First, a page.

By Donna Laframboise, Toronto Star, 26 December 1995
Four weeks from today will be Guy-Paul Morin's first anniversary as a free man.
Last Jan. 23., after having hounded him for a decade, our criminal justice system admitted it had made a mistake. It acquitted him of first degree murder in the death of his 9-year-old neighbour, Christine Jessop, and apologized for damaging his life and the lives of his family.
Morin still hasn't received any financial compensation for those 10 lost years, nor has an inquiry into how matters could have gone so wrong commenced yet. But he is a patient man and, after having had lunch with him recently, I'm pleased to report he's also a well-adjusted one.
For the past nine months, Morin has been happily married. In a manner of speaking, The Toronto Star played matchmaker. A young woman named Allison Ferguson joined the Justice for Guy-Paul Morin committee after reading some of my columns following his wrongful conviction in 1992. They got to know one another when he was released on bail pending his appeal.
Last March, the couple boarded a ship out of Fort Lauderdale for a week-long Caribbean cruise. Away from the media attention, on a mountain top overlooking the ocean, they exchanged vows in what he describes as "the perfect wedding" - warm, sunny and private.
The irony of having wed a woman who works for the Metro Toronto Police department is something Morin himself jokes about, while declaring that "married life is good," and that he doesn't think he could be happier in his relationship.
Now 36, this past year has been the first in a decade in which he hasn't been compelled to reside with his parents. Recently, the couple became the proud owners of a puppy.
Having gained a few pounds, Morin looks robustly healthy. He's kept busily self-employed, performing maintenance on cars and boats, and undertaking small building projects. In an agreeable turn of the tables, many of the lawyers he met over the years are currently his clients.
He says a day rarely goes by in which he isn't recognized by members of the public. "They stop and talk to me. They usually wish me the best," he says. Others have harsh words for the justice system. "They say, 'It's just disgusting what happened to you. I'm appalled to know, as a Canadian citizen, that this could happen.'"
“he sometimes finds himself back in custody”
On another short trip to Las Vegas (this past year was also the first in a decade in which Morin was permitted to leave the province), people in a restaurant wished him well. They were fellow tourists from Winnipeg.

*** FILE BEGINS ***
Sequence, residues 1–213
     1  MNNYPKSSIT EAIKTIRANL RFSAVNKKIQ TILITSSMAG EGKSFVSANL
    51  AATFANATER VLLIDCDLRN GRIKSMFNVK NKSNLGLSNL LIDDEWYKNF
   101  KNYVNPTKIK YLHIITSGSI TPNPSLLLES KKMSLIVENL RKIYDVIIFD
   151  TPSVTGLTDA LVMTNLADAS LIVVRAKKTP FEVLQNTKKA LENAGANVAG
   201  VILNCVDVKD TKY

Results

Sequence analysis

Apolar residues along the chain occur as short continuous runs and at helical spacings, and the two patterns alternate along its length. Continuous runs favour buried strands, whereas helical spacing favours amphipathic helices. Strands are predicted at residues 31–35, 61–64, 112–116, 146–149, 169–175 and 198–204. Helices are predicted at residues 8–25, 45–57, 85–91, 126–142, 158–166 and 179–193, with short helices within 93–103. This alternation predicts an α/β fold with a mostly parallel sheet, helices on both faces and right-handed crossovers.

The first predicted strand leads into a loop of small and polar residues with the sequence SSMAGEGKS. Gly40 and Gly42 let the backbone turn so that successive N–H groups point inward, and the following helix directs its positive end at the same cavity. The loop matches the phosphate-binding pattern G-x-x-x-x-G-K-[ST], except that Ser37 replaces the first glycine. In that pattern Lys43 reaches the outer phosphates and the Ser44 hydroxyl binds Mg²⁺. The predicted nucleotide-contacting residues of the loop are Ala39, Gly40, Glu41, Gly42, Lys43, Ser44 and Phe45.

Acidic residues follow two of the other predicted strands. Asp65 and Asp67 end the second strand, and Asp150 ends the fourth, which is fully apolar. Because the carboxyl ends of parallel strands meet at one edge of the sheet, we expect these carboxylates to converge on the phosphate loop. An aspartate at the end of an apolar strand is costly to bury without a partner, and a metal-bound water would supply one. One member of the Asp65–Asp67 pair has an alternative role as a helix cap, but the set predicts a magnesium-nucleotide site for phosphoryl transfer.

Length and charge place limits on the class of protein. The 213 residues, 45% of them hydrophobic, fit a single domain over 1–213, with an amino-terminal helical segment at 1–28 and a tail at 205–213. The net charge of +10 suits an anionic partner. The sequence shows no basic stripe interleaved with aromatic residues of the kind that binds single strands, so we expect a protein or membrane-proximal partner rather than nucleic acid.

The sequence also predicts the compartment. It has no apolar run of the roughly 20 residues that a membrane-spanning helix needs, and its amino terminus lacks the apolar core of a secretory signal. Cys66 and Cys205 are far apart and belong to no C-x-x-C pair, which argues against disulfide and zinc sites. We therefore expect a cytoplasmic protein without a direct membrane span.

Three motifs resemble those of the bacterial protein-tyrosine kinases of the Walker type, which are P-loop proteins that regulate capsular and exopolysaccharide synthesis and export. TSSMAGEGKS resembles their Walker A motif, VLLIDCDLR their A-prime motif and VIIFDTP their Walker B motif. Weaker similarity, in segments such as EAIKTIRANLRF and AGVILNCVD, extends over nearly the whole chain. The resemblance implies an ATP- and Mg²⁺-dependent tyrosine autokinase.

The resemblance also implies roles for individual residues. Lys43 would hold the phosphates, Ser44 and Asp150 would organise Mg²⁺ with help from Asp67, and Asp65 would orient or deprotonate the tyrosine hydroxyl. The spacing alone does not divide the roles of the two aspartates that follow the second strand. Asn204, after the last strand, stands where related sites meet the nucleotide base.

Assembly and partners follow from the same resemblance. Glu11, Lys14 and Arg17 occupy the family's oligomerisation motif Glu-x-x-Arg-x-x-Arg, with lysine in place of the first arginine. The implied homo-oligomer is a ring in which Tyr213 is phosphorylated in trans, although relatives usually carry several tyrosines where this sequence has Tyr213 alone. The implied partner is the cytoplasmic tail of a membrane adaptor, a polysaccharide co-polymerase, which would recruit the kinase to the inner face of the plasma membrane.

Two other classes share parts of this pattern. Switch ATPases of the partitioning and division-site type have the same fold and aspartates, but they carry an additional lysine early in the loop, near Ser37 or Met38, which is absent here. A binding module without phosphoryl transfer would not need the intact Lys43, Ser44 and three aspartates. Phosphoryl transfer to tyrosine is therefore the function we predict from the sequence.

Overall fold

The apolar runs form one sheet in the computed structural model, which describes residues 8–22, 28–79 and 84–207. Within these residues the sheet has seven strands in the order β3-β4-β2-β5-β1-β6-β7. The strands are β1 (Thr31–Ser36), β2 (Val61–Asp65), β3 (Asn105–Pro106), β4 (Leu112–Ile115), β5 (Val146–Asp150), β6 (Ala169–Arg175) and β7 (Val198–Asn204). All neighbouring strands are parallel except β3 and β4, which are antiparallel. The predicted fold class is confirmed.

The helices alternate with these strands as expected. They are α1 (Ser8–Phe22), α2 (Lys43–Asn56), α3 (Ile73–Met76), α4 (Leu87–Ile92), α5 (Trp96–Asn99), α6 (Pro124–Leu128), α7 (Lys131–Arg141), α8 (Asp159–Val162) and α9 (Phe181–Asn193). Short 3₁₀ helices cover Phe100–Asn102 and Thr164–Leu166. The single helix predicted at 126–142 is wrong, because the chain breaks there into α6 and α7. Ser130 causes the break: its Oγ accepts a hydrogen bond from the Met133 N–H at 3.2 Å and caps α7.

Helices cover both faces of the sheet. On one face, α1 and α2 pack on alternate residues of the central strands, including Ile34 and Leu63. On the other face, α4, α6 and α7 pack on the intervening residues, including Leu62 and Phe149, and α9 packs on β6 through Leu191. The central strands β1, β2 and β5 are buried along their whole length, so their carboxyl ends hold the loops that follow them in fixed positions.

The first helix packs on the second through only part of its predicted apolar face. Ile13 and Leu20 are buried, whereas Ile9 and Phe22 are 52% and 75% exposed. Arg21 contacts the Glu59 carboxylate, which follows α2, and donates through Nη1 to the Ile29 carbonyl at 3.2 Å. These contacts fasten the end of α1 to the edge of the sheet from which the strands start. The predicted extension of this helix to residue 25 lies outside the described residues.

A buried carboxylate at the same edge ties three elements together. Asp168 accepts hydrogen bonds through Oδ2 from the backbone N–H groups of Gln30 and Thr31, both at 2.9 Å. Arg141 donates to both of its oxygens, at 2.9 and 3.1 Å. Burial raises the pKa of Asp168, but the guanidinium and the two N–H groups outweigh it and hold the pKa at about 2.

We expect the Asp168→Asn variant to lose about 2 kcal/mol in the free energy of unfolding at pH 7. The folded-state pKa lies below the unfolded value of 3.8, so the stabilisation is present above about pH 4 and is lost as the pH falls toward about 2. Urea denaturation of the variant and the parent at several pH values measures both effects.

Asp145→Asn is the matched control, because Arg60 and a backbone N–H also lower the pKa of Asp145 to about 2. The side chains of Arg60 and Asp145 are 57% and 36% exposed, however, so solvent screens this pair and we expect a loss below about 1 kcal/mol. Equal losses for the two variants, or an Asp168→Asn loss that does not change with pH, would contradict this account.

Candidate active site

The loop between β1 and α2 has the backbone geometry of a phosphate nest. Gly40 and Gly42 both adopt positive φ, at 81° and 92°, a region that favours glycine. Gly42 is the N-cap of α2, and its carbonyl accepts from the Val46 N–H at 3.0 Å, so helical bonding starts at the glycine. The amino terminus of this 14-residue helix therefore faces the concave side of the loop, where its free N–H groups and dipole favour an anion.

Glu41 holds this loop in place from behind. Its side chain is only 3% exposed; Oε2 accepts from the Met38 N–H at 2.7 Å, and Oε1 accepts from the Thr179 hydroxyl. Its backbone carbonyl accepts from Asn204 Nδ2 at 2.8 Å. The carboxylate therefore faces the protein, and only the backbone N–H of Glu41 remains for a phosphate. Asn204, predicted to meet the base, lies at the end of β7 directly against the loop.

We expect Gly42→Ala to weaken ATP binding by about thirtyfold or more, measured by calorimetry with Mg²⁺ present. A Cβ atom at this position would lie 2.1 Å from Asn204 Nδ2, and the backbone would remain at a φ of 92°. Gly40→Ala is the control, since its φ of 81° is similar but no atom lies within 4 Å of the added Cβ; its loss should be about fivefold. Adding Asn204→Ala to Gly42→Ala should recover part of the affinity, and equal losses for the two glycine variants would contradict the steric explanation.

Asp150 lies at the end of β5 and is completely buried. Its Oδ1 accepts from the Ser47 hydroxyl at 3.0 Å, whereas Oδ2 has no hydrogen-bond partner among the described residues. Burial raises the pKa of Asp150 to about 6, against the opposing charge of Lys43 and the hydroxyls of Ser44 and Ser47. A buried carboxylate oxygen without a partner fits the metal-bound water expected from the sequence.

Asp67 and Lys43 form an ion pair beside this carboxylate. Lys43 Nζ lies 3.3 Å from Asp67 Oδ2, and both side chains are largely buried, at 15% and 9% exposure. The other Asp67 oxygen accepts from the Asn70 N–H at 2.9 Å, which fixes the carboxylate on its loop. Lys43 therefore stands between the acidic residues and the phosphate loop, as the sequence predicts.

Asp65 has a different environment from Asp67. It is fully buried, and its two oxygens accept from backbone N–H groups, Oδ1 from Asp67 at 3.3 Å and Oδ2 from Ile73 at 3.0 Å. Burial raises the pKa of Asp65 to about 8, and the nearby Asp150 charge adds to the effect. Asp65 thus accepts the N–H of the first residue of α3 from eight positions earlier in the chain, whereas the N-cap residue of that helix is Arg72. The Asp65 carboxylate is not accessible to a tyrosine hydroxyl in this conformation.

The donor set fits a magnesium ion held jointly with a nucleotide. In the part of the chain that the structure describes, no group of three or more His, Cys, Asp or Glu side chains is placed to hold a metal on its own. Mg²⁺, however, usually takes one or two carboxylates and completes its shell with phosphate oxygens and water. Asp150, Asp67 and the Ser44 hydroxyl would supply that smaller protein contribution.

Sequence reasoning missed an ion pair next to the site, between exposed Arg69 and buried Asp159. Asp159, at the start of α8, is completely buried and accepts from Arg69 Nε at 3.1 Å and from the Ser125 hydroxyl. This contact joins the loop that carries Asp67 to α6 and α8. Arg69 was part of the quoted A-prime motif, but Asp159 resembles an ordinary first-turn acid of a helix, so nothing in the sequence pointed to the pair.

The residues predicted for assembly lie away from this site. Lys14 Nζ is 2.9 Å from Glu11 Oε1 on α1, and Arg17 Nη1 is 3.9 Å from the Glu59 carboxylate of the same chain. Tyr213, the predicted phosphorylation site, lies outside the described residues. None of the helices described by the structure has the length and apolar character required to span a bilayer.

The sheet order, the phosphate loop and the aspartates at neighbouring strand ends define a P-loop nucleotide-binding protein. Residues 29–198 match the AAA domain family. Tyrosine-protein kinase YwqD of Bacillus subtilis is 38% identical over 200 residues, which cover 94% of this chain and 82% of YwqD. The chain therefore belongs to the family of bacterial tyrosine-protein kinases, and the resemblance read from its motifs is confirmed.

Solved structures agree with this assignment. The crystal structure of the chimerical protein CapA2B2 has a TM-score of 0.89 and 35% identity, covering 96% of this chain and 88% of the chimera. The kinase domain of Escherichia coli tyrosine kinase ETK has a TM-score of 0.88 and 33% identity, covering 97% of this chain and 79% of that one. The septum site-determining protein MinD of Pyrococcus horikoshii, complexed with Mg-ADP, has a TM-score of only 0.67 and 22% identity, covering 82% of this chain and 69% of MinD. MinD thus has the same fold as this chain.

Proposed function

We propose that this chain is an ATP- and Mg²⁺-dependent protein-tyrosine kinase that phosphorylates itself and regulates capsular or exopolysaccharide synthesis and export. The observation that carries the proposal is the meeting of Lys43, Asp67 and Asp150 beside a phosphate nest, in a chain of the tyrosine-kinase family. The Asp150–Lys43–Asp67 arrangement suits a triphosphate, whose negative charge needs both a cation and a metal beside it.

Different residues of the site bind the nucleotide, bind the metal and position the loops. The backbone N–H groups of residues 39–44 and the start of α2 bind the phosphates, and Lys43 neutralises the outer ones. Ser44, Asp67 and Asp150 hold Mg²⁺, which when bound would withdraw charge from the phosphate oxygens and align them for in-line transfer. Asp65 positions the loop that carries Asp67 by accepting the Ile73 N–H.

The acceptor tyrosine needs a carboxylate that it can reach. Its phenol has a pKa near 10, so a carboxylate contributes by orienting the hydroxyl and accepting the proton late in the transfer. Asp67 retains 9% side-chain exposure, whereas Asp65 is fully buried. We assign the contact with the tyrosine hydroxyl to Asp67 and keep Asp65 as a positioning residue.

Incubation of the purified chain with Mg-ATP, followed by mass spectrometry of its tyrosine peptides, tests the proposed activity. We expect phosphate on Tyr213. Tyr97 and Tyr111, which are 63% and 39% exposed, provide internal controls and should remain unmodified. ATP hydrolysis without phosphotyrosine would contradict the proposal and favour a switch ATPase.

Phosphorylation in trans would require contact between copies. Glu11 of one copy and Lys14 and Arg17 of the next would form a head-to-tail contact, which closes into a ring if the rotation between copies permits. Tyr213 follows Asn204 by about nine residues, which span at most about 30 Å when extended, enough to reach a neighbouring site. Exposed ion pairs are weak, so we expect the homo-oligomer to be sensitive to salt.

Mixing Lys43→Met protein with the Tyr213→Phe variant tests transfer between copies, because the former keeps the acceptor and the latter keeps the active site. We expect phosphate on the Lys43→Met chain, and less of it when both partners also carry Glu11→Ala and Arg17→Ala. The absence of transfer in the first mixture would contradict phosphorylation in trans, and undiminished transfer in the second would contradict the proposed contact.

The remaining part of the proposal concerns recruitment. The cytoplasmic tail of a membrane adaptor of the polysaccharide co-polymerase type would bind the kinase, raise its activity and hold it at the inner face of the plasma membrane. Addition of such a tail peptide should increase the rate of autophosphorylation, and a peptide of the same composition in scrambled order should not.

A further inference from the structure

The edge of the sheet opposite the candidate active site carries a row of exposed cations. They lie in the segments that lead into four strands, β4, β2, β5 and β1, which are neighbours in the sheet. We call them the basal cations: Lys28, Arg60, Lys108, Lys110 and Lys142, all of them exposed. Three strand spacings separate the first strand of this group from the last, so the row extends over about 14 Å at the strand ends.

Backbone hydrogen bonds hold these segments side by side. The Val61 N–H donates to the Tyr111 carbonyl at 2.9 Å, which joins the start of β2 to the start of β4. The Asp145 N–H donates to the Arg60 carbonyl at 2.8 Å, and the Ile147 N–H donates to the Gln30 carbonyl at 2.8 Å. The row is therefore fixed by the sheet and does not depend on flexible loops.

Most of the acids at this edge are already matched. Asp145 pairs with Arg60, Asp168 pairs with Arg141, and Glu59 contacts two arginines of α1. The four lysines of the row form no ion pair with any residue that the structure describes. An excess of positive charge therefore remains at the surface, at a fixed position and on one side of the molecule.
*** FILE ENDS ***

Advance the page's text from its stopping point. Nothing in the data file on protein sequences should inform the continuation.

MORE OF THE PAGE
Morin spent a total of 18 months behind bars - in four different jails and two prisons. He was subjected to the indignity of innumerable strip searches and had his life threatened by other inmates. In his dreams, he sometimes finds himself back in custody, in a cold, damp cell fearing for his safety.
"There's something about the institution that one just doesn't forget," he says. "The sounds, the echoes; you hear them in your dreams. Other prisoners screaming out at night, crying. The slamming of doors and the keys in the guards' pockets. The rats squealing."
But he observes that other people have suffered worse than he has - in war, for example - and so tries not to dwell on the past. When I asked him what advice he'd give to fellow wrongly accused persons he replied, "Try to get on with life as best as you can. Don't get wrapped up in the craziness of it all."
“stigma of being an alleged child rapist will never fade completely”
Morin doesn't expect the stigma of being an alleged child rapist and murderer ever to fade completely. Nor is he convinced that the individual police officers and crown attorneys who pursued him so relentlessly have learned much from their errors. But then he shrugs, "I believe what goes around, comes around," he replies.
As for what he might be doing a decade from now, Morin says he developed the habit of not thinking too much about the future - since his remained so uncertain for so long - and is finding the pattern a hard one to break.
I met Morin for the first time three years ago, when I visited him in Kingston Penitentiary a few days before Christmas. His story, as I've watched it unfold, has been alarming, infuriating and disheartening.
But it has also been inspiring. In the face of obstinacy and narrow-mindedness, against what often seemed like formidable odds, justice has prevailed. A great wrong has been set right. An innocent man is now free.
For me, the Guy-Paul Morin story is an appropriate one for these holidays - because it demonstrates that while we sometimes lose our way, as a community we're also capable of redeeming ourselves.